'It is all about damage control?: How the Mack family's Europa-Park survived coronavirus lockdown
The Mack family were excited about the prospects of 2020 at the start of the year—their Europa-Park resort welcomed a record 5.7 million visitors in 2019 and they were eager for returns on their brand new €180 million ($213 million) water world Rulantica and its adjacent hotel, their largest ever investment in their family business’s 45-year history.
Then the coronavirus pandemic struck Europe. The season opening for Germany’s largest theme park was scheduled for 28 March but, after consultation with health authorities, the Mack family decided “with a heavy heart" to close the 95ha resort in mid-March. Lockdown restrictions eased and the family gradually reopened the park throughout May, with extensive health and safety protocols and staff training in place, and have worked hard to salvage the summer season.
Founder Roland Mack (pictured), 70, is a son of the late entrepreneur Franz Mack and one of the four managing partners of Europa-Park with brother Jurgen and next-gens Thomas and Michael Mack. Roland Mack tells CampdenFB how his family business managed the crisis, the pressures they felt and the innovations they deployed.
What impacts have there been on the Europa-Park family business to date because of the coronavirus pandemic, in terms of seasonal trade, investments, growth and staff?
Due to the forced closure of Europa-Park, Rulantica, and the entire hotel resort, we lost approximately €100 million [$118 million] in revenue. We were closed for two full months and had to furlough approximately 2,000 employees. We have voluntarily topped up their salaries to make sure our team is looked after.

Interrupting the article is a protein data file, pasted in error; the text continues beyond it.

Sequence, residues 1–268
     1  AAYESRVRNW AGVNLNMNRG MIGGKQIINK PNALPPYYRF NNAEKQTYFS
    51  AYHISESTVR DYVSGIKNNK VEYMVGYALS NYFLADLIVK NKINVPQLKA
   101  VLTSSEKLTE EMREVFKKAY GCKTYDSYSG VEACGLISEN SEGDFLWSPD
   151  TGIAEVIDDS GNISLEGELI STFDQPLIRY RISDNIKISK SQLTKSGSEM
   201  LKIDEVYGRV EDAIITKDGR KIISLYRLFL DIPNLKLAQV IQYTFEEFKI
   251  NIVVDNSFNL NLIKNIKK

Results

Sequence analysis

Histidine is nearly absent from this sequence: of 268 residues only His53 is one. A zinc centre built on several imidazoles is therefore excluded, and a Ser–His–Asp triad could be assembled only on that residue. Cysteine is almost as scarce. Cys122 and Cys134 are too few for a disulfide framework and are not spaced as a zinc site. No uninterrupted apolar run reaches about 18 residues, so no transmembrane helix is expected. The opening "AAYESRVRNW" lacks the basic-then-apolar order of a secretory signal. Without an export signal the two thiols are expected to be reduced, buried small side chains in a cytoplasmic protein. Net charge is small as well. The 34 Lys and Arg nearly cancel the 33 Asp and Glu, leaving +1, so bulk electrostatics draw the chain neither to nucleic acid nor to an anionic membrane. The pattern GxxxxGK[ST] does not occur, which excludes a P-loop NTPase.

On 29 May, we were finally able to open Europa-Park and the hotel resort, and shortly thereafter, on 10 June, we then also re-opened Rulantica, our new water world. We are operating at a highly reduced capacity in both our parks and the entire hotel resort to ensure social distancing can be followed, so growth is totally out of the question this year. It is all about damage control.
As soon as we had re-opened, we brought back about 80% of our workforce for Rulantica and are working with a rotating system at Europa-Park, to ensure everybody can come back to work, at least part-time.
We have continued to pursue our investments, many of which were already well underway by the time the pandemic hit us. We are looking forward to re-open our popular Pirates in Batavia ride in the summer, which has been re-built and is now state of the art. Further, we are already working on the first expansion in the outdoor area of Rulantica.
How did you manage those impacts?
We had to furlough a significant number of staff but were very keen to make it as easy and fair for our staff as possible.